the best of the world’s classics: in ten volumes, by henry cabot-lodge, 1909.

i found nine of the set at a used book shop last summer, but left them on the shelf, because of the missing volume. later, as i was leaving, i spied the tenth book on a table by the exit! i grabbed it, ran back to the classics room (this was a large, shop), all the while repeating, please still be there, please still be there. 

they were, i was thrilled, & i love them so.


Among the many notable persons buried in Mount Auburn Cemetery in Cambridge, Mass. are: psychologist B.F. Skinner, sportscaster Curt Gowdy, Civil War nurse Dorothea Dix, stage actor Edwin Booth, cookbook author Fannie Farmer, artist Winslow Homer, author and social reformer Julia Ward Howe, politician and diplomat Henry Cabot Lodge Jr., poet Henry Wadsworth Longfellow and author and physician Oliver Wendell Holmes.

Sen. Henry Cabot Lodge, 1898

The public voice of the Immigration Restriction League, Lodge argued on behalf of literacy tests for incoming immigrants, appealing to fears that unskilled foreign labor was undermining the standard of living for American workers and that a mass influx of uneducated immigrants would result in social conflict and national decline. Lodge was alarmed that large numbers of immigrants, primarily from Eastern and Southern Europe, were flooding into industrial centers, where the poverty of their home countries was being perpetuated and crime rates were rapidly rising. Lodge observed that these immigrants were “people whom it is very difficult to assimilate and do not promise well for the standard of civilization in the United States.” He felt that the United States should temporarily shut out all further entries, particularly persons of low education or skill, in order to more efficiently assimilate the millions who had come. From 1907 to 1911, he served on the Dillingham Commission, a joint congressional committee established to study the era’s immigration patterns and make recommendations to Congress based on its findings. The Commission’s recommendations led to the Immigration Act of 1917. It should be remembered, however, that Lodge was no rampant xenophobe, remarking once that “It [the U.S. flag] is the flag just as much of the man who was naturalized yesterday as of the man whose people have been here many generations.”  In an address to The New England Society of Brooklyn:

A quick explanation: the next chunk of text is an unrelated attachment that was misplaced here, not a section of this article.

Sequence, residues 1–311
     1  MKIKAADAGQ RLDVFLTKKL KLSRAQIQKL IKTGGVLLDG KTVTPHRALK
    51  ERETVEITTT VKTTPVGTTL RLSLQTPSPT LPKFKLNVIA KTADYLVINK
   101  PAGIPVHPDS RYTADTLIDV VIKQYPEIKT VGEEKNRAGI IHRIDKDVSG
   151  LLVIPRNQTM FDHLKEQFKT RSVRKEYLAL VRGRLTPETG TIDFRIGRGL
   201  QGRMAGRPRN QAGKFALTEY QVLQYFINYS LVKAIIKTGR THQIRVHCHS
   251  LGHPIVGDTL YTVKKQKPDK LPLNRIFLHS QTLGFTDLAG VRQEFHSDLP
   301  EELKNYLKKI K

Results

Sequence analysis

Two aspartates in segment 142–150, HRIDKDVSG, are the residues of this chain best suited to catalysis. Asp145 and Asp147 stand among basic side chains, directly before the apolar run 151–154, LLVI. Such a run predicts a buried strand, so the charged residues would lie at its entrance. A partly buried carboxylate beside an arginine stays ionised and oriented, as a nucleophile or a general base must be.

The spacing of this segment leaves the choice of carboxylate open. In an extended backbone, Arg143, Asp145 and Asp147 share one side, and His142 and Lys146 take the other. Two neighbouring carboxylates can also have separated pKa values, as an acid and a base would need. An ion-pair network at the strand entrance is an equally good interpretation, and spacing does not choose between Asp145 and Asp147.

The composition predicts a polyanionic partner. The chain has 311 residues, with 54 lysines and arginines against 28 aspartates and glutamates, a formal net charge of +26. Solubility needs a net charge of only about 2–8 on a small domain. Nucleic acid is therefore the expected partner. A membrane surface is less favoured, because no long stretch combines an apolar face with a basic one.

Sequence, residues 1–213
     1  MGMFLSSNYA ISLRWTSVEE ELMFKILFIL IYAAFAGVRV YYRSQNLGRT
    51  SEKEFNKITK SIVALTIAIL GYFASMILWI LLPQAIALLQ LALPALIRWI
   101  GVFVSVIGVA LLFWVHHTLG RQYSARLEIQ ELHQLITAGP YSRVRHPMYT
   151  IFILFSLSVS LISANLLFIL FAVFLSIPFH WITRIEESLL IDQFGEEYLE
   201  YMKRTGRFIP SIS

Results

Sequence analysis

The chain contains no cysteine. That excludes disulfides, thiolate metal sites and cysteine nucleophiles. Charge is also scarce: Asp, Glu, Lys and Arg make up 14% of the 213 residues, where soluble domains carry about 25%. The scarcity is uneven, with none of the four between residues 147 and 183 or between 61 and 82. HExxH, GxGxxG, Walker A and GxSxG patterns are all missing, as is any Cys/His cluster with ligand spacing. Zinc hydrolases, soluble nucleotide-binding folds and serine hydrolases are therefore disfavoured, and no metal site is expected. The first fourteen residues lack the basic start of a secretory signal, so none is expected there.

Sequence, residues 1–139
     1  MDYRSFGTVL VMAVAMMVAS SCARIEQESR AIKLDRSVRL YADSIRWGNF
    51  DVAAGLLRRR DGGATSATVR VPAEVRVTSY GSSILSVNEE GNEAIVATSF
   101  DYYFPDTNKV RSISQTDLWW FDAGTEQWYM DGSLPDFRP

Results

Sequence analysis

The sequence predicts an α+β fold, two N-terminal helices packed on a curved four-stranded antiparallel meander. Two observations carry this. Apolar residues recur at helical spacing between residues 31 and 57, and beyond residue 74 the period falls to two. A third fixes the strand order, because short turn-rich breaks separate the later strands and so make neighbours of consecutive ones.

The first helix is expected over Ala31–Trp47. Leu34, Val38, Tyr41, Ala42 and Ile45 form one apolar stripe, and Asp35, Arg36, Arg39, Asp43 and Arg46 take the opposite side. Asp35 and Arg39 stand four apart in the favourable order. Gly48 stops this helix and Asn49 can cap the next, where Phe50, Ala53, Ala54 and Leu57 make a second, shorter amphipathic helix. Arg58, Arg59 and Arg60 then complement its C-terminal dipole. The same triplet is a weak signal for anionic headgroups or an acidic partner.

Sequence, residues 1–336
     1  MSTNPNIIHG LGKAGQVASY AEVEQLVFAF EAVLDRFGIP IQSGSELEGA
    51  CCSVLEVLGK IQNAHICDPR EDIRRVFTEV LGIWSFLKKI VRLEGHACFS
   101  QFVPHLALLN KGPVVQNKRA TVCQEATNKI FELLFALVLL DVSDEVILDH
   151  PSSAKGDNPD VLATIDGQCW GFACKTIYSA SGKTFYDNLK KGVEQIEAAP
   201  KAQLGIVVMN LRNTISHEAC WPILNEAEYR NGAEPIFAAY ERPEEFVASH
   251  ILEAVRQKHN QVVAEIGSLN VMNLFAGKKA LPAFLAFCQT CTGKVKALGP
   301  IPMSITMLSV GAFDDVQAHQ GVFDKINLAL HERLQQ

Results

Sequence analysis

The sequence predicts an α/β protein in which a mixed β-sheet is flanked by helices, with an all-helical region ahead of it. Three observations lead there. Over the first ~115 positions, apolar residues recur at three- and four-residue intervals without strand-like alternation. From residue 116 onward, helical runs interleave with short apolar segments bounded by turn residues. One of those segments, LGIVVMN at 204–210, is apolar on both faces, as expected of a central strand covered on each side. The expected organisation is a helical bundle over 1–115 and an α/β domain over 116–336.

“Let every man honor and love the land of his birth and the race from which he springs and keep their memory green. It is a pious and honorable duty. But let us have done with British-Americans and Irish-Americans and German-Americans, and so on, and all be Americans…If a man is going to be an American at all let him be so without any qualifying adjectives; and if he is going to be something else, let him drop the word American from his personal description.”